The U.S. government debt market rallied on Friday as data showing a surprise decline in consumer spending in March darkened investors' view on the U.S. economy which might still need generous support from the Federal Reserve.
News about cash-strapped Cyprus asking for more help its struggling economy helped to stoke safe-haven bids for bonds, pushing up the prices on benchmark 10-year Treasurys and erasing much of their losses from earlier this week.
"The recent data have turned out weaker-than-expected. This was reinforced by today's retail sales figures," said Jeff Given, portfolio manager at Manulife Asset Management in Boston. "Treasurys will remain fairly well bid with also what's going on in Japan."
Persistent bets stemming from Bank of Japan's $1.4 trillion asset purchase program have underpinned support for U.S. bonds.
Traders have speculated Japanese insurers and pension funds will pour money into Treasurys and higher-yielding overseas assets, anticipating BoJ's aggressive campaign will depress yields at home with the goal to stimulate its own economy. This is even more aggressive by some measures than the U.S. Federal Reserve's current bond purchase scheme, analysts said.
There has been no strong sign, however, that Japanese demand for Treasurys has jumped since BoJ unveiled its stimulus plan last week. Data on this week's three U.S. government debt auctions, worth a combined $66 billion, did not suggest any pickup in foreign bids for U.S. bonds.
(Read More: Unlike the Fed, BOJ's QE Won't Unleash Hot Money)
On the open market, the benchmark 10-year note last traded up 20/32 in price at 102-16/32 to yield 1.723 percent, down 6.8 basis points from late on Thursday. The 10-year yield was on track to end up about 1 basis point on the week after falling the previous four weeks from an 11-year month high set in early March.
The 30-year bond last traded up 1-17/32 in price at 104-2/32 to yield 2.920 percent, down 7.7 basis points on the day but up 4.3 basis points from a week earlier.
U.S. Treasurys fared better than Japanese government debt. The yield premium on 10-year Treasurys over their Japanese counterparts shrank to 1.10 percentage points on Friday, down from 1.24 points on Thursday and the tightest level since late January, according to Reuters data.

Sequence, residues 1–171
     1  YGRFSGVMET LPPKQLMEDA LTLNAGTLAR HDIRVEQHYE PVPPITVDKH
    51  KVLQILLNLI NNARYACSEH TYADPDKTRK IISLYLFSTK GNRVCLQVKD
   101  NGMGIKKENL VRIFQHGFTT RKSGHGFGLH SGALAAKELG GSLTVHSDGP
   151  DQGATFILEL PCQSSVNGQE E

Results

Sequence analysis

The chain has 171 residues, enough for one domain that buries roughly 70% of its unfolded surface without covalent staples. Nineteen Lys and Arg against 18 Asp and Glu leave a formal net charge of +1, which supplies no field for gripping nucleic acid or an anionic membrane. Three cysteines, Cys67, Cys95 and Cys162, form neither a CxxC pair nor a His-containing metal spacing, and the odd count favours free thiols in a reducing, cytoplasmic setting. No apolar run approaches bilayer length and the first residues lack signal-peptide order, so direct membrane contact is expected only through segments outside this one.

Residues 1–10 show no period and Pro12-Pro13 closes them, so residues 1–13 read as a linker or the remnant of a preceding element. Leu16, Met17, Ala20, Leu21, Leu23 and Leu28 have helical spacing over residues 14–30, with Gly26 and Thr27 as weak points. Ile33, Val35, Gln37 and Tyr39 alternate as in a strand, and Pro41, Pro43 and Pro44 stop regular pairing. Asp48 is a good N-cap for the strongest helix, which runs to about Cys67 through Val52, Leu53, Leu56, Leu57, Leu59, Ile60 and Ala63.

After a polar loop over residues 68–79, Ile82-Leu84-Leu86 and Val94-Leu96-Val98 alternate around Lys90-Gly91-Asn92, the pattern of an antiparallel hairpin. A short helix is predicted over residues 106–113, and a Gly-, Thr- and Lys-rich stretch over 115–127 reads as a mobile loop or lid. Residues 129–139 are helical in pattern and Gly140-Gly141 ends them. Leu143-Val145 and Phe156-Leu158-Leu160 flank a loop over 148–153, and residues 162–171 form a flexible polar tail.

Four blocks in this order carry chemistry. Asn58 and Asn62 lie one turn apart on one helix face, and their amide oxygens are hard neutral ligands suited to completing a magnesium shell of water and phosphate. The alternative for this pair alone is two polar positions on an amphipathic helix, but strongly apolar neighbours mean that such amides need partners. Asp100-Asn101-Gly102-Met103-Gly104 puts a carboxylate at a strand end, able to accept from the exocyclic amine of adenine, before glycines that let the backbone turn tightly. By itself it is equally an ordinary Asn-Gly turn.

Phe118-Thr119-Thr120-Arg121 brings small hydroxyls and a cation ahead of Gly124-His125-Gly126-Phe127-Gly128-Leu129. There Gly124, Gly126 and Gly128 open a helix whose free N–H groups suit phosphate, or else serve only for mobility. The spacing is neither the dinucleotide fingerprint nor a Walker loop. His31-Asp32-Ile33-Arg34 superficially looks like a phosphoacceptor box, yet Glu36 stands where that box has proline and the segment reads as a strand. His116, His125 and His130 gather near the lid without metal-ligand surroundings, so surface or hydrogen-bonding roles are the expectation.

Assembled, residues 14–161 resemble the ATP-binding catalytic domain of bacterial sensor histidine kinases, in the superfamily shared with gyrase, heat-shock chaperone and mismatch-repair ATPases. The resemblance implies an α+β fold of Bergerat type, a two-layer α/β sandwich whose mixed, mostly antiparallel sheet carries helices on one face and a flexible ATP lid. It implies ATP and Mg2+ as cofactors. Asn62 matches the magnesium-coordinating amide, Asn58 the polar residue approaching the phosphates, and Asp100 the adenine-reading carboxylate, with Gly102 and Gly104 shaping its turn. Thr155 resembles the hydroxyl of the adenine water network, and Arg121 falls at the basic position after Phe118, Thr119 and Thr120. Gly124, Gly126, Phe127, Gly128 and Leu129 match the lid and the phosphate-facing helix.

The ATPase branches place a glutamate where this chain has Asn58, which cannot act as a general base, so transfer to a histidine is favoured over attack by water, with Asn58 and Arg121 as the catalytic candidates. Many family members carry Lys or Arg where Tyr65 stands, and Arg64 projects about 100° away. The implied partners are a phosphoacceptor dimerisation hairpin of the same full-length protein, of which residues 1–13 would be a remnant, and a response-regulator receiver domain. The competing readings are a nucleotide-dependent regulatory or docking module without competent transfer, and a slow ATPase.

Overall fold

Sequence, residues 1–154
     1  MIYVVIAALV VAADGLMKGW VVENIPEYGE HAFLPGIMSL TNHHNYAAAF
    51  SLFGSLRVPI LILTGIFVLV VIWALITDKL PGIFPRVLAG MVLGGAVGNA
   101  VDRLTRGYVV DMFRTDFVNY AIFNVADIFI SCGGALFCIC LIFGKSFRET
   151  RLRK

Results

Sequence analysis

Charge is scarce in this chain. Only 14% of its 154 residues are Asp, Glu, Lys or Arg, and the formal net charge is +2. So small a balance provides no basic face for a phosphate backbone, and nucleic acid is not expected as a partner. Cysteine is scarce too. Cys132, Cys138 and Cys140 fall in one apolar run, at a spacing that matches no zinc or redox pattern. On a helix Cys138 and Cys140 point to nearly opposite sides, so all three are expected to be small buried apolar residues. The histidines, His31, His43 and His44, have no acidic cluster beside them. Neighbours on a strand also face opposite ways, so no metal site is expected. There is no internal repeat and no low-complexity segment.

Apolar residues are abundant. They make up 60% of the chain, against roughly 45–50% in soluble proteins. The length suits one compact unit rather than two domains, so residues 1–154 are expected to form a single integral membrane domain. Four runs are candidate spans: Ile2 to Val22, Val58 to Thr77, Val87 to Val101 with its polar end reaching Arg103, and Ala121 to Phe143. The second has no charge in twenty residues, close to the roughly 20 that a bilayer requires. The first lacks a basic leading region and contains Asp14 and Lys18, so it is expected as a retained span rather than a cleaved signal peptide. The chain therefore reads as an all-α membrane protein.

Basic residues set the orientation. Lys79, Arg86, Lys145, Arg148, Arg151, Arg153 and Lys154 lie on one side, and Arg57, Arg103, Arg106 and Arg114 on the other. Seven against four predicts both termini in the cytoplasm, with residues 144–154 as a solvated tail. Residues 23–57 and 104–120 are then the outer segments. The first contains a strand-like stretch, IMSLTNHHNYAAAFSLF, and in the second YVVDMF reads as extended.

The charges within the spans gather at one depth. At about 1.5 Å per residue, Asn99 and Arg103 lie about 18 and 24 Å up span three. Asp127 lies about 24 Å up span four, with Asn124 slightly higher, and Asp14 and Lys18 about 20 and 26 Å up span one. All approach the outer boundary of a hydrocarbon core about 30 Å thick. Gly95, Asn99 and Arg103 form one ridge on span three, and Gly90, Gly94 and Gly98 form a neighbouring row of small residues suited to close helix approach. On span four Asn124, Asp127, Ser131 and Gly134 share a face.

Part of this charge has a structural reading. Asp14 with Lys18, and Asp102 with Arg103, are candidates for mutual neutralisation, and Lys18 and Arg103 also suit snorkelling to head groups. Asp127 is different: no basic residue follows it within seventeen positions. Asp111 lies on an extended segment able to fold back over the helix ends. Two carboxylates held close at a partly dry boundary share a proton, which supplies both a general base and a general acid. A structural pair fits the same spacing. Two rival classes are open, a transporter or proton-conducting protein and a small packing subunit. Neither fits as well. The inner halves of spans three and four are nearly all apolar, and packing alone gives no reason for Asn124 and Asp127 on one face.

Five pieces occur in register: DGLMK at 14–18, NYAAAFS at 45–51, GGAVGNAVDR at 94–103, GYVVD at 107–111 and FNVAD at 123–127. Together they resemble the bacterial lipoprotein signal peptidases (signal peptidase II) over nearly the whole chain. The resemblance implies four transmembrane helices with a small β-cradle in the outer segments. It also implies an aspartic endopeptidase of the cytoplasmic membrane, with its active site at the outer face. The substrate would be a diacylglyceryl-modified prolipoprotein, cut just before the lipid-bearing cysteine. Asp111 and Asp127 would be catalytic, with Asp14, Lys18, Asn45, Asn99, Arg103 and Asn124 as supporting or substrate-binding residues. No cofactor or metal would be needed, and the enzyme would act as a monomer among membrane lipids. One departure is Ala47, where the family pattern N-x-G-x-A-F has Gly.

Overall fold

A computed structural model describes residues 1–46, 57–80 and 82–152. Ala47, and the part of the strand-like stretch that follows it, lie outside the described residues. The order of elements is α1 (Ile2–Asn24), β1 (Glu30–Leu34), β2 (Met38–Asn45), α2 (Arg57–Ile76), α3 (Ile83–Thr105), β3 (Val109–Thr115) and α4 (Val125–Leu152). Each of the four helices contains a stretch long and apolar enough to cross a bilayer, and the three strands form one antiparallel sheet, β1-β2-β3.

More Worrisome US Data
The March U.S. retail sales reading, which fell 0.4 percent, was the latest evidence that domestic economic growth slowed in the latter part of the first quarter after a robust start.
Disappointing data, including an abysmal March payroll report a week ago, led economists to mark down their forecasts for first-quarter gross domestic product to the high-2.0 percent to low-3.0 percent area, from an earlier mid-to-high 3.0 percent range. Many economists forecast second quarter GDP, based the latest data, might slow to roughly 1 percent.
This dour prospect for the American economy will likely keep Fed Chairman Ben Bernanke and other top policymakers clinging to their near-zero interest rate policy and purchases of bonds, currently at $85 billion a month, to avert a recession.
"For bonds, it's a win if Bernanke and the Fed remain all-in," said Robbert Van Batenburg, director of market strategy at Newedge USA LLC in New York.
Boston Federal Reserve President Eric Rosengren on Friday told CNBC television: "This is not the time to take away the accommodation."
While traders' worries about the U.S. economy intensified, they cast a wary eye on Europe as the region struggled to contain its festering debt crisis.
Cypriot President Nicos Anastasiades told reporters in Nicosia on Friday that he would send a letter to European Commission President Jose Manuel Barroso and European Council President Herman Van Rompuy seeking extra assistance for Cyprus, given the bad economic situation of the island.
Euro zone finance ministers said, however, there were no plans or requests beyond the 10 billion euros of loans already on the table.